The U.S. strategy to build alliances with mostly Sunni tribal and local leaders has prompted 25,000 of their followers to turn away from the insurgency and at least nominally align with Iraq's Shiite-led government in the fight against al-Qaeda.
The number, from the U.S. command in Iraq, represents the first stab at measuring the effectiveness of the tribal strategy. The trend is likely to be a critical part of a report due in September to Congress and the White House by the top U.S. commander in Iraq, Gen. David Petraeus.
"I think it is the most significant thing that's happened in the past couple years," said Marine Maj. Gen. Mastin Robeson, deputy chief of staff for strategy and plans for Multi-National Force-Iraq. "They actually have come to us saying, 'We want to join you, we want to fight al-Qaeda.' "
Iraq's Shiite-dominated central government has taken almost no legislative action to resolve differences with minority Sunnis and broaden support for the government. The U.S. military's tribal strategy is an effort to build links with groups, many of them armed, at the local level and tap into their hostility toward al-Qaeda.
The strategy was initially aimed at Sunnis, which have made up the bulk of the insurgency against U.S. troops and the Iraqi government. Its goal was to separate former members of Saddam Hussein's ruling Baath Party and other "nationalist" insurgents from more extremist al-Qaeda militants who want to impose a strict form of Islamic law and form a government stretching across the entire Muslim world.
More recently, the U.S. strategy has broadened to include local Shiite leaders opposing extremist militias. Petraeus and other top commanders have cited alliances with tribal and other local leaders as an important sign of progress. "What we're starting to realize more and more is that reconciliation at the bottom may be the more important element in the short term," Petraeus said recently.
Alliances with local fighters are not among the 18 benchmarks established by Congress to measure the effectiveness of a troop increase that bumped the U.S. military presence in Iraq from about 130,000 to 160,000 this year.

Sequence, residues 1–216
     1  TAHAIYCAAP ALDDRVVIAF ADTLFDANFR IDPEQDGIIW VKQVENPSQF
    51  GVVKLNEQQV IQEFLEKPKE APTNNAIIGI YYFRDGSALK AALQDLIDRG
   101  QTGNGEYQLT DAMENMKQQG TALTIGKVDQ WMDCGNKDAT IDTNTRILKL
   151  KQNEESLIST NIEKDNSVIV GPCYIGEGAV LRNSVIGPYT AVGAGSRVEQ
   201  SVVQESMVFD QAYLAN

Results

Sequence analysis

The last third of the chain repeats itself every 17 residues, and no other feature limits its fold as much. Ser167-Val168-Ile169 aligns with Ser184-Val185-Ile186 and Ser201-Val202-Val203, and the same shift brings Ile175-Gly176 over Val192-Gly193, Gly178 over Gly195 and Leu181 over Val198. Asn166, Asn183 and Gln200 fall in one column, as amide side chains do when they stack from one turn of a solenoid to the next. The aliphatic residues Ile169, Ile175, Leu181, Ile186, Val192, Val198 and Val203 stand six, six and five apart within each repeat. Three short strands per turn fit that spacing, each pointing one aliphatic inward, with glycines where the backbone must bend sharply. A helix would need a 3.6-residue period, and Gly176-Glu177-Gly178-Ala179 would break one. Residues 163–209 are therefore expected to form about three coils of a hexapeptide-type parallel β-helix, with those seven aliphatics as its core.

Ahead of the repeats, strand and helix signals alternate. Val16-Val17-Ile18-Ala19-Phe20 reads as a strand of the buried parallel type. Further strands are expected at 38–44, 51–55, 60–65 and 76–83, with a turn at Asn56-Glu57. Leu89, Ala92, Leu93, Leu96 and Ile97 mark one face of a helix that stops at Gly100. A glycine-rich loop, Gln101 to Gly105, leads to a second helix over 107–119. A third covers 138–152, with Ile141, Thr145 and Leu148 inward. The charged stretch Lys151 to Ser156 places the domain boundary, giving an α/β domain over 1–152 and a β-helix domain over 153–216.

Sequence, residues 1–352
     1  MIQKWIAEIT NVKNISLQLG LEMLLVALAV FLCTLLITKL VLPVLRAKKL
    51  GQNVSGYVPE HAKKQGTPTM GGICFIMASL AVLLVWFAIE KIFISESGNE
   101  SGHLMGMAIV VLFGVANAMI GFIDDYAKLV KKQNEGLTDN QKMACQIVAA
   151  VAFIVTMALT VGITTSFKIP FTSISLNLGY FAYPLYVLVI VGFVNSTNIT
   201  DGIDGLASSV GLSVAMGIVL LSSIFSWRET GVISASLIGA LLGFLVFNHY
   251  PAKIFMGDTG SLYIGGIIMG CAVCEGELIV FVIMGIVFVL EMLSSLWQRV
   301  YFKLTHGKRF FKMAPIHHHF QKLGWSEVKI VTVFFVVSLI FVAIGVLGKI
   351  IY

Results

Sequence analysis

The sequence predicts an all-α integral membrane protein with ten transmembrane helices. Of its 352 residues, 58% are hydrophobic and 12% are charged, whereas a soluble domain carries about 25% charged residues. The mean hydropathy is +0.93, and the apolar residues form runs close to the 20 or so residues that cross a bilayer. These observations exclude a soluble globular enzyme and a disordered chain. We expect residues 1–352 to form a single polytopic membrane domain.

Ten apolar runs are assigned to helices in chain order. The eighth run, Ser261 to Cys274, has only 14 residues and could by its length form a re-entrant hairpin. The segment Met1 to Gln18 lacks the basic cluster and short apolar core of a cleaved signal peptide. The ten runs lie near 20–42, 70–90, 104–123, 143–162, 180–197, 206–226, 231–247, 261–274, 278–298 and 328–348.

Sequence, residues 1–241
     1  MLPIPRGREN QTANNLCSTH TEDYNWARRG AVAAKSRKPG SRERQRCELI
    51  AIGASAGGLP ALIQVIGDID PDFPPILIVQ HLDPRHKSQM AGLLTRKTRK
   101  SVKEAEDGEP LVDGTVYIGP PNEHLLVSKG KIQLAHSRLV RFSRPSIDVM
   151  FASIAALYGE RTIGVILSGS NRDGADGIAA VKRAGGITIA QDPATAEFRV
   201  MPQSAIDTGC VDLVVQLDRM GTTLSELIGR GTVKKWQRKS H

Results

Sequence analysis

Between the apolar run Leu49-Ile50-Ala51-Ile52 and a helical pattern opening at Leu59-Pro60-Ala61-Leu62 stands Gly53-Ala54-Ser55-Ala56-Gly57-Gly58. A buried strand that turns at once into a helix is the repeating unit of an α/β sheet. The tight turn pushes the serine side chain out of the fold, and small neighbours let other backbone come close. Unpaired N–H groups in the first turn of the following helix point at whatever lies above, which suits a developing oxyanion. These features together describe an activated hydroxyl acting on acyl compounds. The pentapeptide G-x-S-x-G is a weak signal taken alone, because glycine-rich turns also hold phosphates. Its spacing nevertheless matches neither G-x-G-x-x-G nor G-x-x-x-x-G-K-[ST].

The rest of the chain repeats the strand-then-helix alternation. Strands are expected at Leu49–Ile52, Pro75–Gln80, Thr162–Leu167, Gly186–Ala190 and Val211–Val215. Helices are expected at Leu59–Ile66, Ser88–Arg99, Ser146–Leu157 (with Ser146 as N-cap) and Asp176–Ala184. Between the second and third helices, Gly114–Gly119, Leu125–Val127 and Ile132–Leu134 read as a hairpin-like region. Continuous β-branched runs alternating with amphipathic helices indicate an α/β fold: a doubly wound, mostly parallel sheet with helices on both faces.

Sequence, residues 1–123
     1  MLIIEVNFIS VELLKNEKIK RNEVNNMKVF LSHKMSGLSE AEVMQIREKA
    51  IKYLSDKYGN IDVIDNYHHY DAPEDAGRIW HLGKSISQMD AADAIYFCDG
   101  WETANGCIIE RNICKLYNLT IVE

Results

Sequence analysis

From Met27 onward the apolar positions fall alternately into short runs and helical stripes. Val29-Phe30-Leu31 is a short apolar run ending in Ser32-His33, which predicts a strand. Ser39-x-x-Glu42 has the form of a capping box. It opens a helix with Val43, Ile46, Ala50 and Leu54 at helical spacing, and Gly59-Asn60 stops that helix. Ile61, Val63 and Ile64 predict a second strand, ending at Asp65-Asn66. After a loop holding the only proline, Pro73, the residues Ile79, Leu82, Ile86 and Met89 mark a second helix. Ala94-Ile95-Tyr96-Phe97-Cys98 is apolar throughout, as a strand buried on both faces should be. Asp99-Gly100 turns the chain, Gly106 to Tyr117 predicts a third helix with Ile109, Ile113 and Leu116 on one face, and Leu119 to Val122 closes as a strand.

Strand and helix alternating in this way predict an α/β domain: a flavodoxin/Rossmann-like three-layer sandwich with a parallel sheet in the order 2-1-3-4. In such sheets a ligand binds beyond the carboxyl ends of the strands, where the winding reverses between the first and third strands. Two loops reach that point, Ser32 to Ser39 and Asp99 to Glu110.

Andrew Krepinevich, a counterinsurgency expert at the Center for Strategic and Budgetary Assessments, said the tribal and local alliances are a good idea — but one with risks.
Tribal loyalty could be fleeting. Many tribes don't share democratic values or have much sympathy for Iraq's central government. "This is an alliance of convenience," Krepinevich said. "It's not necessarily an alliance of convictions."
Tribes are groups of people who are loosely linked through blood ties. In parts of Iraq, particularly rural Sunni areas, tribal leaders are powerful figures. Some Iraqis place tribal ties above national identity.
Some tribes turned on al-Qaeda and worked with U.S. forces last year in Anbar province, west of the capital.
The U.S. military, working with the Iraqi government, has tried to spread the movement throughout Iraq.
"We aren't arming them," Defense Secretary Robert Gates told CNN on Sunday. "There is no need to do that. Everybody in Iraq has several weapons, it looks like. We are providing them with some training and some money."
Tribe members and others who agree to support Iraq's government have to sign a pledge form and consent to biometric scans of their fingerprints and retinas so their data can be kept on file. They are also vetted by the Iraqi government.
About 25,000 have signed the pledge, most in recent months. "It's happening so quickly, the numbers are never up to date," Robeson said.
Iraq's government expressed early concerns about the plan, fearing it could boost the power of mostly Sunni tribes outside government control.
"There are questions in the minds of much of the federal leadership," Robeson said. "They've had to take some time to get their arms around it."
The Iraqi government has agreed to go along with the alliances on the condition that local fighters are eventually brought into Iraq's security forces. Iraq's army, police and other security forces consist of 346,500 trained personnel, according to the Pentagon.
Robeson said U.S. officials have been careful to pursue the strategy in a way that doesn't threaten Iraq's government.
U.S. officers say the movement may be a turning point in efforts to defeat the insurgency. The U.S. military's new counterinsurgency manual emphasizes the importance of depriving insurgents of public support.
"This is a tectonic shift in what's happening in Iraq," said Army Col. Sean MacFarland. As a brigade commander in Ramadi, MacFarland was responsible for building the first tribal alliances last year
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